“We were lucky that we had that inside person,” he said. “We had unique access because of that relationship.”

“The whole thing is disappointing to me,” he said. “The caucus itself ran smoothly, the new slightly revised rules and the presidential preference cards were not a problem, we found a way to do it in a way that was organized. And people had a good experience at the caucus.”


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thalesofmiletus | February 4, 2020 at 12:12 pm

She who cackles last…

The picture of Hillary standing with her arms outstretched and saying something, is she saying:
a. this is how much I love you
b. this is how much money I’ve stolen
c. please help me I’m falling

Damned Clintons are like a herpes virus.

With all of the blatant conspiracies being revealed these days, are we ready to finally stop dismissing those who report them as “conspiracy theorists?” By now, assuming a conspiracy should be the default position until proven otherwise.

    MajorWood in reply to Pasadena Phil. | February 4, 2020 at 1:41 pm

    Way way back someone incorrectly used the term conspiracy theorist when they should have said conspiracy hypothesist. “Conspiracy theorist” is frequently used pejoratively to dismiss someone’s claims, but a theory is viewpoint which is supported by a significant amount of valid data. When the data becomes conclusive, it then ascends to being considered “a law.” To illustrate how scientists are conservative (excluding the climate science posers), we are still operating with a “theory of relativity.” To call someone a conspiracy theorist is to actually give them some validation. Perhaps we should start to call them theoretical conspiracists, to assign them a dignity given to, say, a class of physicists. To be truly dismissive of someone, their speculation should be degraded to the level of a hypothesis, which is just a fancy way of saying “wild ass guess.” I frequently frame my viewpoints here as a SWAG (scientific wild ass guess) to illustrate that I have a hunch based on some anecdotal observations but as yet have no real proof. Oberlin is a good example of that, because there are too many intersecting plausible explanations for that mess to be able to state that one is true (part of me thinks that all of them are true to a degree).

    When it comes to the DNC favoring one candidate over another, that is basically admitted fact.

Damn coal miners! Can’t code for schiff.

bernie can’t be allowed to win and pick up momentum so the app is a political kill switch until the dnc can figure out how to rig this thing and get rid of comrade bernie. Bottom line is the dems are on a horrendous losing streak while PDJT keeps winning.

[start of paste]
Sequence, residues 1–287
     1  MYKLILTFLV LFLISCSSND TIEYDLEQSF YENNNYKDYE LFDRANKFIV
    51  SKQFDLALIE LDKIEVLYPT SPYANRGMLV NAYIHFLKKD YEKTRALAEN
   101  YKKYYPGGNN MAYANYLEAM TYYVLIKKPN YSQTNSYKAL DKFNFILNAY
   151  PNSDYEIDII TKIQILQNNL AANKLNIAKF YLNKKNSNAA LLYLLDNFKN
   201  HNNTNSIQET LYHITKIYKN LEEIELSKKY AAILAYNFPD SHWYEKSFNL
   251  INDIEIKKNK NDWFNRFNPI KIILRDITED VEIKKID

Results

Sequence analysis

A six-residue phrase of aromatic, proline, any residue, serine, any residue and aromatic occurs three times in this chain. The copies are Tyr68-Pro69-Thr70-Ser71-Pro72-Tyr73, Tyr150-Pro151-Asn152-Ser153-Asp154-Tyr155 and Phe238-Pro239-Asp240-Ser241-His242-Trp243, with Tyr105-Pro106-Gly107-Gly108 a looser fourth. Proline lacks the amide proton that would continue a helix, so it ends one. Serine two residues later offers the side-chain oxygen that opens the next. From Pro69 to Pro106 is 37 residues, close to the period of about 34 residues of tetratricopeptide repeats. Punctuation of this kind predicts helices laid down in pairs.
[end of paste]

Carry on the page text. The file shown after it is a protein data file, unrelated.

These caucuses are out dated and should be stopped. The Parties should agree to use updated means of voting and stop this crap.

On top of that, why oh why does IOWA get top billing?

An area that is more reflective of the country should be used as the first primary. Instead we get corn farmers and New England Hillbillies as our guides.


    notamemberofanyorganizedpolicital in reply to jakee308. | February 4, 2020 at 3:20 pm

    Who goes first, second, etc. should be on a random basis without even the parties knowing until 3 or 4 days before?


I heard Sniff and Sadler already set up a committee and issued subpoenas for the second impeachment dealing with Iowa voting irregularities 😉

Crony capitalism at its best. Raiding the party coffers for the swamp.

And people had a good experience at the caucus.

Well, sure, in a “de lamentations of de wimmen” sort of way.

    bw222 in reply to tom_swift. | February 4, 2020 at 4:54 pm

    I watched about 15 minutes of the West Des Moines caucus on CSPAN. There’s nothing wonderful in spend a few hours with terminally fugly women on a Monday night.

These tablulating “problems,” delay in reporting, Biden campaign has “concerns”

= Joe must of really, really sunk into the crater.

There have been postings that Mayor Pete’s “digital director” is married to one of the principals of Shadow.

Things are heating up for another coin-toss contest!

Read on Brietbrt that the software/consulting company who developed the APP is called “Shadow” … funny name for something that supposed to be open and transparent … (grin) …

It’s clearly a coincidence. /sarc

The party of “I’m So Smart” wins again

It’s not often that people should follow Slow Joe Biden’s advice, but the people at Shadow, Inc. should “learn to code.”

Imagine what a mess we’d be in if Hillary was president.

If it ain’t a paper ballot, it’s fraud on its face.

How’s that Democrat Caucus coning?
Numbers yet???

There is more than a coding problem. It’s Wednesday morning and the totals are not final. These Dems/Progs had to know math is involved in counting.

When the Hildebeast wakes up, watch out for Arkancide.